Virginia Tech fans know former Clemson quarterback Tajh Boyd quite well. Boyd, who signed with Clemson back in 2009, never really considered the Hokies a serious contender out of Phoebus High School, despite Virginia Tech’s interest.

At the time, Virginia Tech had Tyrod Taylor under center for two more years and Taylor, who played at Hampton High School, was a fierce rival of Boyd’s Phoebus Phantoms.

Boyd redshirted his first year at Clemson and was the backup quarterback in 2010. Boyd took over as the Tigers’ starting quarterback in 2011 and is arguably — along with head coach Dabo Swinney and Deshaun Watson — the most important figures in Clemson’s rise to college football’s elite.

These days, Boyd is a licensed real estate agent and also a college football analyst.

Recently, Boyd started a Twitter thread where he reviewed tape of all returning ACC starting quarterbacks and Virginia Tech’s Hendon Hooker was up first.

Hooker, a 6-foot-4, 228-pound redshirt junior, made eight starts in 2019, winning six of those starts and completely changed Virginia Tech’s offense.

Hooker completed 61 percent of his passes for 1,555 yards and 13 touchdowns, with just two interceptions. He also rushed for 356 yards and five scores.

Boyd, in his first of three segments on Hooker in “Tape With Tahj,” described Hooker as “raw and super talented” and if he cleans up a few of his mechanical issues could be really special.

In the second segment, Boyd covers Hooker in the Hokies’ win at Georgia Tech last season. On one specific play, Hooker faces a Georgia Tech defense, which is in a single-high look, and looks to hit wide receiver Tre Turner deep.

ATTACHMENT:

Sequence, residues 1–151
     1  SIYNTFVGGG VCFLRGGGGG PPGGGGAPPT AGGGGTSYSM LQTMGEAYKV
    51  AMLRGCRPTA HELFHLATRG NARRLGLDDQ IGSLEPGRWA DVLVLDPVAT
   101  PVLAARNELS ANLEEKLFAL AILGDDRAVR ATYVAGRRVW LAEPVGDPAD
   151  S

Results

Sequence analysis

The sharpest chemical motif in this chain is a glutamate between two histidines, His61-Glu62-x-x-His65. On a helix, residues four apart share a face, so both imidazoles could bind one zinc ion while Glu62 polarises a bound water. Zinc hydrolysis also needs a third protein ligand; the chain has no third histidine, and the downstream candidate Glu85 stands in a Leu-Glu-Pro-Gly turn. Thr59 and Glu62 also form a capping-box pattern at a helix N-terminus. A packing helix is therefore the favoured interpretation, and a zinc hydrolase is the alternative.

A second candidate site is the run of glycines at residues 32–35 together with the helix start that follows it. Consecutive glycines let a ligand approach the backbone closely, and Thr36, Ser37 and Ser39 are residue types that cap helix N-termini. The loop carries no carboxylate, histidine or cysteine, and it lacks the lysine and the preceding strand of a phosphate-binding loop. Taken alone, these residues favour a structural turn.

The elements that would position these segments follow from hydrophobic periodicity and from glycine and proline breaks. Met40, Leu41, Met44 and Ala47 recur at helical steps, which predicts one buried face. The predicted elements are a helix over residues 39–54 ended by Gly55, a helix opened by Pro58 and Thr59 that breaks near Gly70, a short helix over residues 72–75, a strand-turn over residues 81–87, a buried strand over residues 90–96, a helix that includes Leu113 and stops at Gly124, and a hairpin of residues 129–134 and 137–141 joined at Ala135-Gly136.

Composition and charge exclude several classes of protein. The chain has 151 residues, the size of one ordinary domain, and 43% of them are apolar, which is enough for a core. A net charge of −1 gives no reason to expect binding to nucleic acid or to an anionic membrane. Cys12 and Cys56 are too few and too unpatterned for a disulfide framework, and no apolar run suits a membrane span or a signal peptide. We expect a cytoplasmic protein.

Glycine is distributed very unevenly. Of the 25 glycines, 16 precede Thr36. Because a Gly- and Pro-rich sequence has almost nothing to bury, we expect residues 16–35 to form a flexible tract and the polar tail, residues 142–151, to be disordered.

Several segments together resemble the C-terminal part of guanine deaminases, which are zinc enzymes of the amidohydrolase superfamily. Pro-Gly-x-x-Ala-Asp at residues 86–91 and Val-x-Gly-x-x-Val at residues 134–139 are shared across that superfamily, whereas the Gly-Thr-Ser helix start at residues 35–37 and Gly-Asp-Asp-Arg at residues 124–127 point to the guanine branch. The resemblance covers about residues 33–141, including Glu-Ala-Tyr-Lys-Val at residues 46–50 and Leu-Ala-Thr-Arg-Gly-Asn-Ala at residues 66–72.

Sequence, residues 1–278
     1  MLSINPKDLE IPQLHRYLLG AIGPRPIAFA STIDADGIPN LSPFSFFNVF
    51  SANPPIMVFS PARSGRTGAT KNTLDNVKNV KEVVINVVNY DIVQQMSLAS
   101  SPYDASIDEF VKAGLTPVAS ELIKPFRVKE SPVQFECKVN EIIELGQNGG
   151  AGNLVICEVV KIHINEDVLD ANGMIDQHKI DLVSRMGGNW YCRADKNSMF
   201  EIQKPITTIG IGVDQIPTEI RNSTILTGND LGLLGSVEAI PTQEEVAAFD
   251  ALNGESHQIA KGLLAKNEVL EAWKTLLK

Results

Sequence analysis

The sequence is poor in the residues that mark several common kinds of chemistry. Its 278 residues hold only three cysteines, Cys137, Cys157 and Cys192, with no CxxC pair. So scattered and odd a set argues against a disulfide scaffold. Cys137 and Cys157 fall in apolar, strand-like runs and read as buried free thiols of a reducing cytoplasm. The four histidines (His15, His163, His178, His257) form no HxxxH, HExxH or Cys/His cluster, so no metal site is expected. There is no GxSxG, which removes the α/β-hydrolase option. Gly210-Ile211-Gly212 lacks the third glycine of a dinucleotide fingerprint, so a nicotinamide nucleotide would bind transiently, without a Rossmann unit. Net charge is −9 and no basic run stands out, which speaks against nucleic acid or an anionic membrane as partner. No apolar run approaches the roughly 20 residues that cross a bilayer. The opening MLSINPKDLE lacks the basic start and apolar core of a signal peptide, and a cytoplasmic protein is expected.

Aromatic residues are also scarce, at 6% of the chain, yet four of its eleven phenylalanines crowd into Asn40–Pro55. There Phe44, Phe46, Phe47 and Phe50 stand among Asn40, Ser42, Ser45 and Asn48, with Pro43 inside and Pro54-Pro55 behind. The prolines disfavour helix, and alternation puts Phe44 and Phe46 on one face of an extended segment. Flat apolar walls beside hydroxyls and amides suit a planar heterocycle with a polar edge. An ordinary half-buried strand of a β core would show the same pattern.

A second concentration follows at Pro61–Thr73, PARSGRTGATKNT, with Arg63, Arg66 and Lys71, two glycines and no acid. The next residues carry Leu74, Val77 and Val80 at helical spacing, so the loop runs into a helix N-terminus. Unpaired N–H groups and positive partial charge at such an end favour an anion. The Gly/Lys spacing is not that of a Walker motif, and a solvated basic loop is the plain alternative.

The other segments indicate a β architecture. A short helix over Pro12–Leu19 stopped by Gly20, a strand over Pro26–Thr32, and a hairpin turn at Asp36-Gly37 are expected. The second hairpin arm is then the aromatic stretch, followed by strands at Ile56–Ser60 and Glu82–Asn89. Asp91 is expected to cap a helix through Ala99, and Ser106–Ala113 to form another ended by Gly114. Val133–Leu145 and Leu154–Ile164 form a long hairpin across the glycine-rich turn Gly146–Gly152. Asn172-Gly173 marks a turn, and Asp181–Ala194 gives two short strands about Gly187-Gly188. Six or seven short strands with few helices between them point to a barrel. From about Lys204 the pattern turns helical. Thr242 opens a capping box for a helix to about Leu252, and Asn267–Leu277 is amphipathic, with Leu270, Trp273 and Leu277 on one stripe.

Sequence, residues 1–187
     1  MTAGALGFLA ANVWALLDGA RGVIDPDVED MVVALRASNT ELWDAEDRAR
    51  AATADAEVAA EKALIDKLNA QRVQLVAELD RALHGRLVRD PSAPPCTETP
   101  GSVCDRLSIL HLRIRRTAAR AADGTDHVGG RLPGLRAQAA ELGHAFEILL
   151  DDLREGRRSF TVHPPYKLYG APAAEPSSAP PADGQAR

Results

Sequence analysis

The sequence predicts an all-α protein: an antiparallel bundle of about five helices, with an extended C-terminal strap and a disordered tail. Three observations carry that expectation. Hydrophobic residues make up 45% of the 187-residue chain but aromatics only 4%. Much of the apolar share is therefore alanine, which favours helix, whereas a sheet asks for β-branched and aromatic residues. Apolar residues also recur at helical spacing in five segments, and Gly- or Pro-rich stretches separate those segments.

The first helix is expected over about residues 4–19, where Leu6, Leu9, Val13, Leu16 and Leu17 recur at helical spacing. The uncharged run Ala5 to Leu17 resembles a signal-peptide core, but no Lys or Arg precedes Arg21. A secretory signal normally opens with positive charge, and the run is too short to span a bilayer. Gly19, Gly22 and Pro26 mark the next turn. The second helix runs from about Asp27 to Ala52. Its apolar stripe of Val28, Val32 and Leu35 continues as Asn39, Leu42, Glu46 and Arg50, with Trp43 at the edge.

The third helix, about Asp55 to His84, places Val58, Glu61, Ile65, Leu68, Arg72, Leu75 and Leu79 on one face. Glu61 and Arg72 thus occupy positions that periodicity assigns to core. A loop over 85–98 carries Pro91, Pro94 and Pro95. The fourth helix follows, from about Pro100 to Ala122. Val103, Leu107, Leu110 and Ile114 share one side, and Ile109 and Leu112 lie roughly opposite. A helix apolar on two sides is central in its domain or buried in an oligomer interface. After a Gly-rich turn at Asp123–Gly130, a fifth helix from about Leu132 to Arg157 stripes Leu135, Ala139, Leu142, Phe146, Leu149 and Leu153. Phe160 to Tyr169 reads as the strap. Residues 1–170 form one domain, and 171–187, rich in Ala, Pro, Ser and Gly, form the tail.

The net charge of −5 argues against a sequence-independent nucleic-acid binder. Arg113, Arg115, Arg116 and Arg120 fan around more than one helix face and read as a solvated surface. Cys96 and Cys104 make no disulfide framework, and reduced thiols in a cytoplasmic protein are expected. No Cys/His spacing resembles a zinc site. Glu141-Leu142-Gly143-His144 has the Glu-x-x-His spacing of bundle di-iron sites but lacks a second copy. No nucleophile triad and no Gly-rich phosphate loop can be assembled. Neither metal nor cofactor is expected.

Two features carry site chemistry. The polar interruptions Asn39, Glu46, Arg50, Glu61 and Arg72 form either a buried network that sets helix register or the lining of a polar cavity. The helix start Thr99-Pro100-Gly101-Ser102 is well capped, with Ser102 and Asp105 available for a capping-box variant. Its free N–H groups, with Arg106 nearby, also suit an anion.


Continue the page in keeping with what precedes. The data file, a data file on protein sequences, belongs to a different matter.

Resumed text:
As Boyd describes, Hooker uses excellent footwork on the play, initially double-clutches the football, before unwinding a beautiful deep ball to Turner along the right sideline for a huge gain. Boyd says this throw shows him that Hooker has poise and unbelievable arm strength.

Boyd reiterates that Hooker has some polishing to do on his overall game, but his talent and skillset is fantastic.

The next play is from Virginia Tech’s early-season win over Rhode Island at Lane Stadium.

On this specific play, Rhode Island is showing a cover-zero look, meaning Hooker knows he is getting one more blitzer that his protection cannot account for. It is a third-and-goal, meaning Hooker cannot afford to take a sack in a game that was surprisingly close.

Hooker gets pressure, as he is fading back a bit, he throws an absolute dart to Damon Hazelton for a Virginia Tech touchdown. Boyd was equally impressed with Hooker’s quick ability to diagnose the defense and his impressive arm strength.

On the two plays, Boyd compares them to similar plays from his career.

In a time where we are starved for some sports, go ahead and check these videos out. Boyd does a great job of breaking down the throws from a unique perspective while also giving Virginia Tech fans hope regarding its starting quarterback.